Dates were the centerpiece of Return and were visible throughout the store—as California varietals that originated in Iraqi seeds, items on the shelves such as ma'amoul cookies, and in their own historical timeline researched by Rakowitz. But it was Iraqi dates that were at issue, a fact that was prominently announced by a sign in the window: "We Sell Iraqi Dates." Hoping to create a space for people to engage with larger issues that surrounded his proposal, the artist explained, "if the dates were available and were relatively easy to import, there would be no reason to build a project around their purchase. Ultimately, the cultural invisibility in the U.S. of all things Iraqi outside the context of war (i.e., there are no Iraqi restaurants in New York City) served as a point of departure for this work."

Soon after the store "opened for business," a small community formed in anticipation of the first shipment of Iraqi dates. It was scheduled to arrive in mid-October, but it never did. The dates were denied passage at the Jordanian border after sitting for days alongside Iraqis fleeing the intensifying situation. The shipment was then driven to Syria and finally spoiled after additional delays at the Damascus airport. A few weeks earlier, Rakowitz's contact at Al Farez in Baghdad had himself fled to Amman, Jordan with his family. This was an important realization for the artist as his contact was now an exile trying to transport dates overseas to other members of the Iraqi diaspora. Rakowitz explained, "The dates suddenly became a surrogate, traveling the same path as Iraqi refugees. . . . So, suddenly, a business that was meant to illuminate something very specific on the U.S. side of the transaction was illustrating a story that most people in the States were not hearing, and the store became a place where that crisis and its affiliated narrative were being disseminated—hardly the exchange a customer would expect."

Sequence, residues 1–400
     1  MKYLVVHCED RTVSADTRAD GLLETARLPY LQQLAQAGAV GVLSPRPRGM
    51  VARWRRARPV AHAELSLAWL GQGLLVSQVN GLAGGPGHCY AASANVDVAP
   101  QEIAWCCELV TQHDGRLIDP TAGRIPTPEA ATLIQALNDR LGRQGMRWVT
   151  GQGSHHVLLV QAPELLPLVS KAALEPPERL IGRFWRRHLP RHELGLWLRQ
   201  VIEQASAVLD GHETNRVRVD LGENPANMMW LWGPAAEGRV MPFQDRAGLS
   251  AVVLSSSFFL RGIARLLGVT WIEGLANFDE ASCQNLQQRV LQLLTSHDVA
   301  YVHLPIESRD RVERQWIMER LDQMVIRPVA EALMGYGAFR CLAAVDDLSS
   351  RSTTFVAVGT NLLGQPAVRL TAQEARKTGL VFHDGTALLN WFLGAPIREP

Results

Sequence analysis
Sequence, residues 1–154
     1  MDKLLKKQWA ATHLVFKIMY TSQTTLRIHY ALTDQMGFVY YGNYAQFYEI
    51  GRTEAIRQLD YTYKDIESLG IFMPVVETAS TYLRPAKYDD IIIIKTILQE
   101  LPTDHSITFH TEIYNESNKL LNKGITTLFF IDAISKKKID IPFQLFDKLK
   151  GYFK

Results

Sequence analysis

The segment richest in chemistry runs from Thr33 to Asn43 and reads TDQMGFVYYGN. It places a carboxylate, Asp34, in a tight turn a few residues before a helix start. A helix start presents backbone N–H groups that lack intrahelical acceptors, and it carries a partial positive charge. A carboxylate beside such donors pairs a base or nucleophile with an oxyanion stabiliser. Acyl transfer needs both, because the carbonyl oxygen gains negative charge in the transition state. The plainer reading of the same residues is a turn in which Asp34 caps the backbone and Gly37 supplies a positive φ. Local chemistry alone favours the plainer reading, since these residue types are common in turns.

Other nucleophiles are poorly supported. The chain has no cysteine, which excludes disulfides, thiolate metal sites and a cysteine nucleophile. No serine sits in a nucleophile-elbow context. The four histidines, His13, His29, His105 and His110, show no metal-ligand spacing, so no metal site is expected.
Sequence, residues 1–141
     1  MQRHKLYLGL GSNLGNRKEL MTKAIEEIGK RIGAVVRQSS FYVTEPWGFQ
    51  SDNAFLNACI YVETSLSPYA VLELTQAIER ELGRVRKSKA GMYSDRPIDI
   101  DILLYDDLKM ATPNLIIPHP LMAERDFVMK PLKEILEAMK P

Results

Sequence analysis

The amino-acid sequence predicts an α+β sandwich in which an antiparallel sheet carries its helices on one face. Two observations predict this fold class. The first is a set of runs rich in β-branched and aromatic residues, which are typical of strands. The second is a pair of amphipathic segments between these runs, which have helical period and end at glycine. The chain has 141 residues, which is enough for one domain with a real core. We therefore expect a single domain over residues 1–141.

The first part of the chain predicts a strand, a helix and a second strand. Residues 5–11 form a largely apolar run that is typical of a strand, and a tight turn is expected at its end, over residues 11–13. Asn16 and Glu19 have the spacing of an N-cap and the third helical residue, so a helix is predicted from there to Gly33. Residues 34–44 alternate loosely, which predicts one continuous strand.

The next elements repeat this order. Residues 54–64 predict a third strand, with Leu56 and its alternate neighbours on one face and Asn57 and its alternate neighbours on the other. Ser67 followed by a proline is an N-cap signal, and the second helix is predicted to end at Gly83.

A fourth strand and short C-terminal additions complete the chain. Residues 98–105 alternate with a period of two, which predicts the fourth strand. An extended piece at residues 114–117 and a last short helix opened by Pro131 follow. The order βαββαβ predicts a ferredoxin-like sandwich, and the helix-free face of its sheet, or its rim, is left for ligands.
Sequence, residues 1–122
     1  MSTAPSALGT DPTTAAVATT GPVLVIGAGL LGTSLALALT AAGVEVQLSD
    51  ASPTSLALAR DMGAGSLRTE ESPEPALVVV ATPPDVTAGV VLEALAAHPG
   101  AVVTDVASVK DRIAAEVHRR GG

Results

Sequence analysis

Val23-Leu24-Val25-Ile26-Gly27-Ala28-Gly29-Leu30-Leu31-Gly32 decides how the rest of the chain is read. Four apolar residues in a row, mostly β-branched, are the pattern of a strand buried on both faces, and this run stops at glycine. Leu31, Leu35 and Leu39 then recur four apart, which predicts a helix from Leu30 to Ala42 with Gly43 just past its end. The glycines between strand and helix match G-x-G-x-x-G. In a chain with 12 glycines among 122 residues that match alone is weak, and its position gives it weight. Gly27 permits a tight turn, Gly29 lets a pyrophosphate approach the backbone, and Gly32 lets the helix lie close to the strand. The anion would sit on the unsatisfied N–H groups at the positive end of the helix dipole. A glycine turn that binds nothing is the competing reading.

A second plan for a shipment of dates finally was successful. It involved the airlift of a handful of boxes out of Baghdad and their shipment via DHL first to an airport in Egypt and then on to New York. This time, the dates remained unscathed; but the route was once again circuitous, including a delay of twentyone days due to U.S. Customs, Homeland Security, USFDA, and USDA. Quarantined and designated for intensive search, the shipment was picked up by Rakowitz on December 5. With reporters waiting, Rakowitz brought the dates to his store in boxes designed by Al Farez Co. that declared their identity and history through images that included the lion of Babylon and the Ishtar gate. To the best of Rakowitz's knowledge, these were the first Iraqi products clearly labeled as such that had been legally imported into the United States in almost thirty years.

In the end Rakowitz received ten boxes of dates including four varietals: Azraq, Ashrase, Ibraheme, and Kheyara. The final cost to his customers was $8 a quarter pound. Reporters from The New York Times, CBS, and NPR's Weekend America covered Return; CBS Evening News and Comedy Central's Colbert Report expressed interest. The dates were purchased by a wide range of customers with varying motivations: among them was a Muslim attending Ramadan prayers at a local mosque, an American who wanted to send the dates to a friend stationed in Baghdad who had never eaten Iraqi food, a woman who was interested in importing honey from Kurdistan, and an Iraqi exile who had not eaten a date from his homeland in forty-six years. In the eleven weeks that Davisons & Co. was open in Brooklyn there were many changes in Iraq: Saddam Hussein was sentenced to death, and Donald Rumsfield resigned as Secretary of Defense. The project had impacted Americans and Iraqis on both sides, providing a new understanding of cultural trade and relations. After the project commenced Rakowitz reflected, "Getting these Iraqi dates was so much about authenticity. Creating a suture, or prosthetic, that could be created for those who can never go back, or for those who will never go but have this irrevocable relationship to Iraq now, just as Americans." Return proved that international communities can form and unite over something as seemingly small as a piece of fruit.